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Traveling abroad offers exciting options, but for those new to international travel, understanding money exchange can seem intimidating. We have partnered with Susan Lanier-Graham, who travels around the world for her blog Wander With Wonder, to get some great tips on how to painlessly handle money exchanges when traveling abroad.

One of the questions I am most frequently asked about international travel is what to do about money. Here are my best money travel tips for those wandering the globe.

Notify Your Bank and Credit Cards of Your Travel Plans

Before you leave home, notify your bank and credit cards about your international travel plans. To be honest, you’re probably better off to use your bank and/or credit card’s automated system to do this rather than speaking with a person. When you log into your account, there is an option to “set travel notifications.” If you do not do this, the bank will most likely decline your overseas purchases.

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I always take my checking account debit card, my American Express card, and one other credit card. I may not use all of them, but I want to notify each bank in case I need the cards during my travels. Once you’ve contacted the banks, be sure to take photos of your credit cards (front and back) and email them to yourself.

Use a Credit Card Without Foreign Transaction Fees

You need to check on whether or not your credit card charges foreign transaction fees. Some, such as Citibank, can charge exorbitant fees every time you use your card. American Express and some Capital One and Chase cards do not charge fees. You should be able to find this information online, but you can always call and ask your bank.

credit-card-851502_1280One thing to be aware of when traveling internationally, particularly in Europe, is that most credit card readers require “chip and pin” technology. Within the past year, most US banks have started issuing cards with a chip, so this helps. If your card does not have a chip on it, call your bank and get them to issue you a new one with the chip. In Europe, customers insert the card and there is a pin attached to every card. You will be able to use your US credit card with the chip, but you will be asked to sign the credit slip, just as you do here in the US.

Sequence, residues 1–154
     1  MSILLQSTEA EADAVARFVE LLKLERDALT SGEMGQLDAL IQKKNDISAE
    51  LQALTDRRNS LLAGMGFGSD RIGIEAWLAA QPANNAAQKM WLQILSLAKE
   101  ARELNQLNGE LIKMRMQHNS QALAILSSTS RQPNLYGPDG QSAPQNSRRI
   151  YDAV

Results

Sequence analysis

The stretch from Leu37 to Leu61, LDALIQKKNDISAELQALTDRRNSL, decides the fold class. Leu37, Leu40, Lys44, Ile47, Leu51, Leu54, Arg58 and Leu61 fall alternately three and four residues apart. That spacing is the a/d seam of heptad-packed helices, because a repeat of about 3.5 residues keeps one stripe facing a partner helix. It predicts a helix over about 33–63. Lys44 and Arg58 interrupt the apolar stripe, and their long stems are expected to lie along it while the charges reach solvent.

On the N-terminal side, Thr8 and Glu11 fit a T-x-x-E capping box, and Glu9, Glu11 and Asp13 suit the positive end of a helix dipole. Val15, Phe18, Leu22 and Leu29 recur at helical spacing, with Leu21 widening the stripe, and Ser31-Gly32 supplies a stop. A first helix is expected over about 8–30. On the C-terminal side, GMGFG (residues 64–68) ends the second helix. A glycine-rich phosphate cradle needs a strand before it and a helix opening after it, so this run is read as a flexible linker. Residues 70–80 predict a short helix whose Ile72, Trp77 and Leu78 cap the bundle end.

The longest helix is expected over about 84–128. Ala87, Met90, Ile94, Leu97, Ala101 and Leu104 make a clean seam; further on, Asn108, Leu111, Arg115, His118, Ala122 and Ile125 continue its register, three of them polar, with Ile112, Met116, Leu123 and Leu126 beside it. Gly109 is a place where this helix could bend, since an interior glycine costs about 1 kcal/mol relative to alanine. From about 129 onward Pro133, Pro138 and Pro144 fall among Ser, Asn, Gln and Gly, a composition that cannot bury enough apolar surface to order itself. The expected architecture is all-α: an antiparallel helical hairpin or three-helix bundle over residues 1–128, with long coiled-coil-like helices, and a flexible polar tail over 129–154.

You can use VISA and MasterCard credit and debit cards around the world. American Express is accepted around the world, but usually only in higher end hotels and restaurants. You won’t be able to use a Discover card outside the US, so leave it at home.

During your time overseas, you are best to make purchases on your credit card instead of a debit card due to the safeguards in place with most credit cards. The one exception for using a debit card follows below …

Use the ATM to Get Cash

Don’t buy foreign currency before you leave the US. It will cost you a lot of extra money. Instead, when you land in the other country, use your debit card (which you notified the bank you would be using in the other country) to withdraw cash from an ATM machine. You will want to make certain that your debit card is on the Cirrus or PLUS network. If it is a MasterCard or Visa, it is most likely on one of the networks and will show the logo on your card.